By Amy Silverman
By Olivia LaVecchia
By Monica Alonzo and Stephen Lemons
By Chris Parker
By Michael Lacey
By Weston Phippen
As of this writing, Hartle has not completely cleared up his credit report. All during his fight, he found that if he contested charges on the report, they would be immediately removed--and then after 30 days and a cursory investigation, they would be put right back on.
More than three years after he first discovered Gilbert's masquerade, he still has not been able to convince a mortgage company that he did not buy a trailer home in Nevada. Even though an ATF investigator wrote to the mortgage company after Gilbert's federal conviction and told them that Gilbert had been impersonating Hartle, the mortgage company responded by recommending that Hartle attend credit counseling. At last report, the federal investigators were trying to obtain the original loan application and submit it to handwriting analysis.
Hartle has also made a personal mission out of fighting stolen-identity crimes. In April 1996, Governor Fife Symington signed "the Hartle bill," which had been proposed by Tom Smith to make it a felony to appropriate names, birthdates or social security numbers of another person "for any unlawful purpose or to cause financial loss to the other person."
In late March of this year, Senator Jon Kyl of Arizona introduced the Identity Theft and Assumption Deterrence Act of 1997, making it a federal felony to use another identity for deceitful purposes, punishable by up to 15 years in prison.
None of which guarantees that any law enforcement agency will pursue the crime.
While attempting to clear up Hartle's mortgage problems, an Arizona Department of Banking employee named David Sprehe had his briefcase stolen out of the trunk of his car.
"My life was in that briefcase," Sprehe says. His credit cards and checkbook were gone, and he turned to Hartle for advice on how to set his records straight. Then he went to the Phoenix Police Department.
"The quote that was given to me was that I was not a victim," Sprehe says. "It was a victimless crime. I wasn't threatened. There was no harm to me."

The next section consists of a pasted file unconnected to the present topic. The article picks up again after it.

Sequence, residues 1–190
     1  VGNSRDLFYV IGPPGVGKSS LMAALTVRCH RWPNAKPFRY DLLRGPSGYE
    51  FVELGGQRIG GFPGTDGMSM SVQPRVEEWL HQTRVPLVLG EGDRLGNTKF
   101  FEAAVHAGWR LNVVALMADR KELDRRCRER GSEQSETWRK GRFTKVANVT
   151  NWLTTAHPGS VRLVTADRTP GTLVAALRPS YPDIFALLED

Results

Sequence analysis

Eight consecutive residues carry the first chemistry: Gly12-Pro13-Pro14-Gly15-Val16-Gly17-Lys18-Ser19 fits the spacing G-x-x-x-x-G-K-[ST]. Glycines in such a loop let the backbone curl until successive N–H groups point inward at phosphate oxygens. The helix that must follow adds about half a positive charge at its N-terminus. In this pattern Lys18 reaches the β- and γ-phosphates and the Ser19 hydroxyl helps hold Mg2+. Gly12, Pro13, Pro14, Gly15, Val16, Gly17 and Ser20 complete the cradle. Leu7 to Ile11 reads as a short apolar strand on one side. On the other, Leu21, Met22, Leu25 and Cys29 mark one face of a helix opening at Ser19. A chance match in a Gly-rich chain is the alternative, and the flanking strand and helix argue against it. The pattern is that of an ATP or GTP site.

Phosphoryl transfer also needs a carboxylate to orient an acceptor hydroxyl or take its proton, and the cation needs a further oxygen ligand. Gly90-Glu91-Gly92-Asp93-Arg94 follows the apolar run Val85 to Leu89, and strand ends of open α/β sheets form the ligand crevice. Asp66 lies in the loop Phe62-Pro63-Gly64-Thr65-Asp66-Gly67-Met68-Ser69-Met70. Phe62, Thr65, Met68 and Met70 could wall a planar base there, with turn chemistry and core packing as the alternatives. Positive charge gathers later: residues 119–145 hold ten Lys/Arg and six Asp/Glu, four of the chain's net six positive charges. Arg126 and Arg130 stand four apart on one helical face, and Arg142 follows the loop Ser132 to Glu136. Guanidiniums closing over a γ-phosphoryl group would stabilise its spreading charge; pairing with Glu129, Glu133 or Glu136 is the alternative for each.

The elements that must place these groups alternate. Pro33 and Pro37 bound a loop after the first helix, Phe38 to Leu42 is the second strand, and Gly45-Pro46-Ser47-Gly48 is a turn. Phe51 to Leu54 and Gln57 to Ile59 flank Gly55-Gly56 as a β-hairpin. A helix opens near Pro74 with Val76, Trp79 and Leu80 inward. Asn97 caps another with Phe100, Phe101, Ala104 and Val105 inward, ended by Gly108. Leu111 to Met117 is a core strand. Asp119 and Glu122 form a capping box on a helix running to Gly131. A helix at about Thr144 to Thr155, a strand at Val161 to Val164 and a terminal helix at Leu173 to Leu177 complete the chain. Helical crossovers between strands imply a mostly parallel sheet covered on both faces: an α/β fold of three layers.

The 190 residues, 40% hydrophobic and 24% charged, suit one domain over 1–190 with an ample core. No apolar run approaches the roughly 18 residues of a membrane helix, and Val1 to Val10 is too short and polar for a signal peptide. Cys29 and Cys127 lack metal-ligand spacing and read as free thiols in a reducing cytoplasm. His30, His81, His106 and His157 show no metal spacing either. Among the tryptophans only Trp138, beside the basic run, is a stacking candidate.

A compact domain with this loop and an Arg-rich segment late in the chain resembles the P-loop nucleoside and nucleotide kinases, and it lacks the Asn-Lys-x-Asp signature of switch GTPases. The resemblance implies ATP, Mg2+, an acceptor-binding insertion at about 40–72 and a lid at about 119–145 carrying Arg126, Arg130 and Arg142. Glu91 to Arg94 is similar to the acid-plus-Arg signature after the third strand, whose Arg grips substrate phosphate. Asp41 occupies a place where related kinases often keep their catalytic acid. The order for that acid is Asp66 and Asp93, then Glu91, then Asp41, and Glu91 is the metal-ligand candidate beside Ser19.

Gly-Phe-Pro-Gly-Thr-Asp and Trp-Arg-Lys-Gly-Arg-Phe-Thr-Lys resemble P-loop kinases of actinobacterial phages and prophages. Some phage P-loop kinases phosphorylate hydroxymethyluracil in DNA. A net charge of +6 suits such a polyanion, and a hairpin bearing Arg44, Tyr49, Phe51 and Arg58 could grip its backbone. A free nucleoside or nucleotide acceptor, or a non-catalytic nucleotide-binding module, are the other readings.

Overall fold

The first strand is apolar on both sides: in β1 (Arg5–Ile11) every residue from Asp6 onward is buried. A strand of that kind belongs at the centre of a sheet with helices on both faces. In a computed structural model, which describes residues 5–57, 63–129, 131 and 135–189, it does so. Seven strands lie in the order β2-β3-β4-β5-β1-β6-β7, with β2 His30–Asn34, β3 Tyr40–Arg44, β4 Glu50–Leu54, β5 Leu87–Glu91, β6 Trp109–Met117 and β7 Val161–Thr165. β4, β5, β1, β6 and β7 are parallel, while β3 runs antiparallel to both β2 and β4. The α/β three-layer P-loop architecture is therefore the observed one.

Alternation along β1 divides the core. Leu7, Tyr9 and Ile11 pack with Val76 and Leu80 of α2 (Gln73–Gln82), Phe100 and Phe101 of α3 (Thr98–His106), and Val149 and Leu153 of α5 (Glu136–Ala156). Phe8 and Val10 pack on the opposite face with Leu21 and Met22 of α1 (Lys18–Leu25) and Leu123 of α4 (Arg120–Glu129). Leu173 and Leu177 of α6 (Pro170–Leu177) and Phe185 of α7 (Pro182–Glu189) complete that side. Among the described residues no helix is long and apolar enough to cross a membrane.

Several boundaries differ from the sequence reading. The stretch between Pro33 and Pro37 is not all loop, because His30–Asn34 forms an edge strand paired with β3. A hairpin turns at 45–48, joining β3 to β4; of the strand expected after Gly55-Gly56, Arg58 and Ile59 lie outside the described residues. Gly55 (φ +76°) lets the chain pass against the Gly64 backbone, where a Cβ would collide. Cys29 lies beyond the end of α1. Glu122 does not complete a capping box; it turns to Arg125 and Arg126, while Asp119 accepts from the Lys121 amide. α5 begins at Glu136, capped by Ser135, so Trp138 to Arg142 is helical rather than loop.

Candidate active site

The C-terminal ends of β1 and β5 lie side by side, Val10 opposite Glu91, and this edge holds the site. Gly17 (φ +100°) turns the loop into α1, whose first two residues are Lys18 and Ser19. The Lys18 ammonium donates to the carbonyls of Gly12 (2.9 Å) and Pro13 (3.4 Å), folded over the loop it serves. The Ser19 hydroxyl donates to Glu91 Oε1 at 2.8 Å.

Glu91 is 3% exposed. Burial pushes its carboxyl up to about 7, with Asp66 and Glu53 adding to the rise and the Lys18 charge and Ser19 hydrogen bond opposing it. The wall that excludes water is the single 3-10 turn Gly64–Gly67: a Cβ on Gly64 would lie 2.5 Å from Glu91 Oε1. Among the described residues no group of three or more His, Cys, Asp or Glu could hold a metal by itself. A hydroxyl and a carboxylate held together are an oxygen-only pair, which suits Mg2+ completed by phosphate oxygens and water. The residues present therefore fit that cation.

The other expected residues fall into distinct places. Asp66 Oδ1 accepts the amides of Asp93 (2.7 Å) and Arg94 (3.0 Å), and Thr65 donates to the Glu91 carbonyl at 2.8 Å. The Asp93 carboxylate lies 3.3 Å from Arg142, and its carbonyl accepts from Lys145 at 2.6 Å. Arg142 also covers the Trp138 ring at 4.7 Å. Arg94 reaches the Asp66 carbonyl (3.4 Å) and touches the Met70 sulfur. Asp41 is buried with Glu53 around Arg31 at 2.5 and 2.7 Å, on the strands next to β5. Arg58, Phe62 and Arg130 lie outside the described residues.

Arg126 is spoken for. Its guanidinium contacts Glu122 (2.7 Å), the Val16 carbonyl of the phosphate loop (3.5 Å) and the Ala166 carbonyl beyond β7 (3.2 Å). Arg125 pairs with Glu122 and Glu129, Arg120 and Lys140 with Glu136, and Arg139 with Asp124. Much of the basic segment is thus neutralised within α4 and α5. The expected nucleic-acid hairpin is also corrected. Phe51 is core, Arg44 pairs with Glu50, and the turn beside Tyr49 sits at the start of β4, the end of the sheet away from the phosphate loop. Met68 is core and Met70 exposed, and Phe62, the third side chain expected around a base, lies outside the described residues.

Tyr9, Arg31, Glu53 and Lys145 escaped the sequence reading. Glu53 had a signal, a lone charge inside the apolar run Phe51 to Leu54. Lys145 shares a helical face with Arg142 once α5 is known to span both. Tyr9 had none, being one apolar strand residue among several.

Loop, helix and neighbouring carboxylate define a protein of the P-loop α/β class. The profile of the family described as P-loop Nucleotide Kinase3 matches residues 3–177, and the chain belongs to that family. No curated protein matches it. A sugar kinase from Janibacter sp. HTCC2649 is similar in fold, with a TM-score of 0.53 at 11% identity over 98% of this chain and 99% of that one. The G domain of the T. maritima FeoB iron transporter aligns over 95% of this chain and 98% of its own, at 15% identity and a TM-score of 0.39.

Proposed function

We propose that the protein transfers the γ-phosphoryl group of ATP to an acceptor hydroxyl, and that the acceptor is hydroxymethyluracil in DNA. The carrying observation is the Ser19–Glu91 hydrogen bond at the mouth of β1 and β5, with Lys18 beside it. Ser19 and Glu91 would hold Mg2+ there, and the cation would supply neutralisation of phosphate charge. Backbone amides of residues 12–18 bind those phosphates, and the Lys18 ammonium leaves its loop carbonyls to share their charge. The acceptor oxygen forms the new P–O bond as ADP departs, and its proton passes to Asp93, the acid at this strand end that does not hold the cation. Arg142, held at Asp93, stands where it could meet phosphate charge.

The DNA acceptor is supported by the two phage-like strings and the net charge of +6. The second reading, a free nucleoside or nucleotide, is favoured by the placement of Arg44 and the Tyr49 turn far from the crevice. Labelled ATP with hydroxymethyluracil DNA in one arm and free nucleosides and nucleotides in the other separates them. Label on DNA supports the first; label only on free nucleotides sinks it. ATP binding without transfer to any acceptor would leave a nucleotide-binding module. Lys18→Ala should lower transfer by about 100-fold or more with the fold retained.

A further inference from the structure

Hartle has since assembled a list of nonvictims: the man who had his identity assumed by a deadbeat dad escaping child-support payments; the man who had his identity taken by a shadow who rang up $23,000 of credit in two weeks, and so on.
Essentially, it's always open season for identity fraud. And as assistant U.S. attorney Dan Drake points out, Gilbert's mistake was to assume the identity of a living person who had enough connections and enough smarts to figure out who was ripping him off. He could easily have assumed a fictitious name, used it up and then moved on and started over as someone else.
Because the law enforcement agencies are overwhelmed with more immediate, more violent or more easily investigated crimes, the new laws won't necessarily be enforced.
"To some extent, where you end up is a prioritization," says Drake. "There are limited resources . . ."
As for Hartle's case, Drake continues, "All that means is, go to a senator and complain, and then we end up being driven in the cases we prosecute based on other factors."
Politics, in other words, as opposed to the usual priorities toward prosecuting violence and large-scale fraud.
Meaning that even if you have an open-and-shut case, you still may not get anything done about it.
Hartle remains furious.
"They just flat out give up and refuse to do anything," Hartle says. "Unlike other victims, I had all the evidence in my hand and presented it to them and they refused to take it. That's the part that really ticked me off.